Delving deeply into the design influences that have shaped American places, LALH books explore the exceptional inventiveness of American landscape architects, from Frederick Law Olmsted to Ruth Shellhorn.
Engaging histories offer insight into the places these individuals helped create, and guidance for the stewards who care for them today. Today’s practitioners find inspiration in long-forgotten works that reflect timeless principles of beauty and environmental balance.
LALH books also provide perspective on less sanguine cultural forces that have shaped gardens, parks, and cities through the decades, in particular the prejudices and injustices that undermine equality. Landscape history offers a unique and compelling lens on the past and deepens our understanding of the present.
Landscapes of Exclusion (2015) exposes institutionalized racism in state parks during Jim Crow, and how a “separate but equal” doctrine led to substandard scenic resources, construction, and maintenance in segregated parks throughout the South.
Landscape architecture was one of the few professions open to women in the early twentieth century. The Gardens of Ellen Biddle Shipman (1996), LALH’s second book, tells the story of how a single mother of three established a thriving professional practice in 1910 and went on to employ many other women landscape architects.
Ellen Shipman and the American Garden (2018), a revised edition of the earlier LALH biography, features many examples of Shipman gardens that were restored in response to the information in the first book.
Ruth Shellhorn (2016) explores the life and practice of the highly esteemed midcentury California practitioner, including her unconventional marriage to Harry E. Kueser, who left his banking job to become her office manager.
An inspired and prescient environmental planner, Manning also held entrenched racist beliefs, many of which were grounded in the flawed science of geographic determinism. Warren H. Manning (2017) is the first book to grapple with his complex legacy.
John Nolen, Landscape Architect and City Planner (2015) discusses Nolen’s struggle to reconcile his planning work with his conscience. In West Palm Beach he argued for merging White and Black settlements, and town officials rebelled.
The introduction to John Nolen’s book New Towns for Old (2005) brings contemporary perspective to several of Nolen’s most important town planning projects, one of which was Venice, Florida. His Venice town plan included Harlem Village, with schools, parks, playgrounds, a lake, and a town green—“a tract completely for Negro village life.”
Many landscape architects working in the first half of the century were gay or lesbian, including James Rose, whose career was affected by the entrenched homophobia of the time. James Rose (2017), the first book to explore the life and work of this highly original designer, opens the door for similar studies.
Katharine Reynolds was deeply stirred by Progressive Era notions of social betterment, and she used her husband’s vast tobacco fortune to create Reynolda, a utopian community intended for the well-being of Black as well as White residents. A World of Her Own Making (2007) provides perspective on Reynolds’s motivations and their physical expression in the village buildings and landscape, now stewarded by Wake Forest University.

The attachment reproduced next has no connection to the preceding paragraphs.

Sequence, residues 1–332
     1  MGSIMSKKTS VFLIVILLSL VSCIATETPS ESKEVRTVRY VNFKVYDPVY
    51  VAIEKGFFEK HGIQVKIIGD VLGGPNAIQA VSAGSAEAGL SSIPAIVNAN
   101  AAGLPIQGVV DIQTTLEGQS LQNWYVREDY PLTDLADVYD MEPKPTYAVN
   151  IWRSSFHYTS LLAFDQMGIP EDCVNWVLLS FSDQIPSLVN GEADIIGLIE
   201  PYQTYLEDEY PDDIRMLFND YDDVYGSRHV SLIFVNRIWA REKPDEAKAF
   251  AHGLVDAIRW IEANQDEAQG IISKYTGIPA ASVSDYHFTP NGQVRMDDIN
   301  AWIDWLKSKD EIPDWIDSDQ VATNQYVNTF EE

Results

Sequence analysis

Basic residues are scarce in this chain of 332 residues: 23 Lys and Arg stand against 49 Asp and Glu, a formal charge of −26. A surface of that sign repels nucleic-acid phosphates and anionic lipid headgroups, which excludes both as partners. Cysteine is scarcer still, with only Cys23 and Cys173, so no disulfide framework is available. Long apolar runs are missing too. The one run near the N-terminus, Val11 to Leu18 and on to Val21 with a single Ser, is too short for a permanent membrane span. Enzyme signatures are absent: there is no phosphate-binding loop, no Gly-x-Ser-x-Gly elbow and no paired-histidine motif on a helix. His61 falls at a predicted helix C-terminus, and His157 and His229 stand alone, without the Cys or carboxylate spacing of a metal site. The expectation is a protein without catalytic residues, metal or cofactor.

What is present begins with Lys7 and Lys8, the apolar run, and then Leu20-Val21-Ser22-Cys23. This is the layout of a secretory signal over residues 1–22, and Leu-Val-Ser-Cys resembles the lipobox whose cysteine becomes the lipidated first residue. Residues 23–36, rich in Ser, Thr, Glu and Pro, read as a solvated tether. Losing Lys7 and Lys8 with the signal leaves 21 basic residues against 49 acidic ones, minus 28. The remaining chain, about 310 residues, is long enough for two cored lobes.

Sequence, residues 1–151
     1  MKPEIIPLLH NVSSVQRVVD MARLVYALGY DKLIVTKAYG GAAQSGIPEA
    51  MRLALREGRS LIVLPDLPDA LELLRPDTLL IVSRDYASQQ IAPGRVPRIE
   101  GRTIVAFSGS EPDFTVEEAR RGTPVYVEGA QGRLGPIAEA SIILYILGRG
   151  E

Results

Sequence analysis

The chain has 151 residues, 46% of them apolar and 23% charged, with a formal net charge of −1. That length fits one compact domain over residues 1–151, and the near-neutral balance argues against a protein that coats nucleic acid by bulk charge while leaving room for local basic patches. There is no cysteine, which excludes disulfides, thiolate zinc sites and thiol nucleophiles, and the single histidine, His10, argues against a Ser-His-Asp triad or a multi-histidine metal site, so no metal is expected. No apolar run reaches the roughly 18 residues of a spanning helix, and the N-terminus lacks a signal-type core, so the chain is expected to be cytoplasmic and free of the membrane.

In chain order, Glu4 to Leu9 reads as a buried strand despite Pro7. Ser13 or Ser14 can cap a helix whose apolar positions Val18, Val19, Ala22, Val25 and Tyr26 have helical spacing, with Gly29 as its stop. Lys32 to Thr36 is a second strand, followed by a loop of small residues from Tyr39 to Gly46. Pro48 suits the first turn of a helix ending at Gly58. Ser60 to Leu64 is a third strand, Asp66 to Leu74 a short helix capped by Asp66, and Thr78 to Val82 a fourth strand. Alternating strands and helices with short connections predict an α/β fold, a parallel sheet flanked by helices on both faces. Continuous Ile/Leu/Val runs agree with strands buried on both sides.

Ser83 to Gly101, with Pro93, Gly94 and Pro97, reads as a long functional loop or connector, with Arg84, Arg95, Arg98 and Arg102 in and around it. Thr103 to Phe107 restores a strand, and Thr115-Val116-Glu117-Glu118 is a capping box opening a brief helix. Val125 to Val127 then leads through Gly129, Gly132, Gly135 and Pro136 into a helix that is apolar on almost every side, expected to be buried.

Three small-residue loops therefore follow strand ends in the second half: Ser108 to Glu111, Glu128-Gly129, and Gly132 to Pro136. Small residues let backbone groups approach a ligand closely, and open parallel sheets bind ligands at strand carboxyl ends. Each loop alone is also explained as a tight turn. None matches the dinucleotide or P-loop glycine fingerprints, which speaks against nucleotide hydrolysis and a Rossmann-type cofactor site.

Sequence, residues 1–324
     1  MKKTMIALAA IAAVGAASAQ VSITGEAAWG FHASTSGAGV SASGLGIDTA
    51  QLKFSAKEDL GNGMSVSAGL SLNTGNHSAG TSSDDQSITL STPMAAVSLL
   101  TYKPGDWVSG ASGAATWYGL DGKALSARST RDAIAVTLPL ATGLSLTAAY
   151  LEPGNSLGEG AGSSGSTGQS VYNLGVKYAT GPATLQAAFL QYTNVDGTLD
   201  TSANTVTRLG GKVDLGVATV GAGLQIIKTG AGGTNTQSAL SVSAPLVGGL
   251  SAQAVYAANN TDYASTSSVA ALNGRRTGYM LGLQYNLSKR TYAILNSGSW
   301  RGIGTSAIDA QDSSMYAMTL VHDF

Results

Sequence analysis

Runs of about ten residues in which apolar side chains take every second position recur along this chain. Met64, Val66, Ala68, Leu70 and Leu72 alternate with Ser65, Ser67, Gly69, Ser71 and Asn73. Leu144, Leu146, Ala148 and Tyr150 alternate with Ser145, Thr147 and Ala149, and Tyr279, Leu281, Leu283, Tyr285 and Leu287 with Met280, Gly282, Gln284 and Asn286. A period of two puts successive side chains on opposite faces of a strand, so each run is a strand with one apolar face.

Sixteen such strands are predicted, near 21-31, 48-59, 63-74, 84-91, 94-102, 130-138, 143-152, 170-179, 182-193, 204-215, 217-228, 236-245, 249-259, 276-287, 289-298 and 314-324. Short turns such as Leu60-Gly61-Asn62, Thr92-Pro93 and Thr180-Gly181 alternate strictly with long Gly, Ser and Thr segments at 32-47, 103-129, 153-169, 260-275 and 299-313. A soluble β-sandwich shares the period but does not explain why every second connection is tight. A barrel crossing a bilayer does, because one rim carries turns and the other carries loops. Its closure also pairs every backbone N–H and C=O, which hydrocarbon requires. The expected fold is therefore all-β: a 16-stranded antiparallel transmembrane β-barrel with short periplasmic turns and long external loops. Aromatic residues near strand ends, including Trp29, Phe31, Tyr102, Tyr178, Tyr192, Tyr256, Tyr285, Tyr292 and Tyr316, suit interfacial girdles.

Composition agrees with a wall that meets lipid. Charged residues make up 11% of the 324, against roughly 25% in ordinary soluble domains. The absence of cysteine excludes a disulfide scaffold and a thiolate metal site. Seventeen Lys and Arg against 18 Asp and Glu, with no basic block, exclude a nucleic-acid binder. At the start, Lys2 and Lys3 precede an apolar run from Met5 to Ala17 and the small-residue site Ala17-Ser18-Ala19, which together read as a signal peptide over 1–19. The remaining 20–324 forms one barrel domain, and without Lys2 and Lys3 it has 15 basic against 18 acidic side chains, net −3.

A World of Her Own Making (2007) helped the stewards of Reynolda House Museum of American Art select a design for a new museum wing that would not intrude on the historic landscape.
The Native Landscape Reader (2011) is the first collection of articles reflecting long-standing American perspectives on land conservation, design, and reverence toward nature. The editor provides historical context for these writings and discusses them in the present moment of environmental crisis.
The Best Planned City in the World (2013) illuminates the brilliance of the Olmsted and Vaux plan. Members of the Buffalo Olmsted Parks Conservancy are using the book and LALH film to rally support to recover park area lost to development.
The film Fletcher Steele and Naumkeag: A Playground for the Imagination (2012) was used by The Trustees of Reservations to build support for a $2 million restoration campaign. Information from Fletcher Steele, Landscape Architect (2003) has helped set priorities for the initiative.
Graceland Cemetery, A Design History (2012) reveals that many designers had a hand in shaping this famous place. Stewards of the site use the book to guide restoration decisions with this complexity in mind.
A Genius for Place (2007) makes the case that Dumbarton Oaks Park is a unique and important work of American art. The Dumbarton Oaks Park Conservancy uses the book to educate the public about the park’s value and restoration potential.
Silent City on a Hill (2007) has rallied support for preservation of nineteenth-century cemeteries throughout the country.
Fletcher Steele, Landscape Architect (2003) garnered support for restoring the Camden Public Library amphitheater designed by Fletcher Steele c. 1930 and designating it a National Historic Landmark in 2013.
A Modern Arcadia (2002) has helped residents of Forest Hills Gardens determine design guidelines for updates to homes, grounds, and parks in the 1907 commuter suburb planned by Frederick Law Olmsted Jr.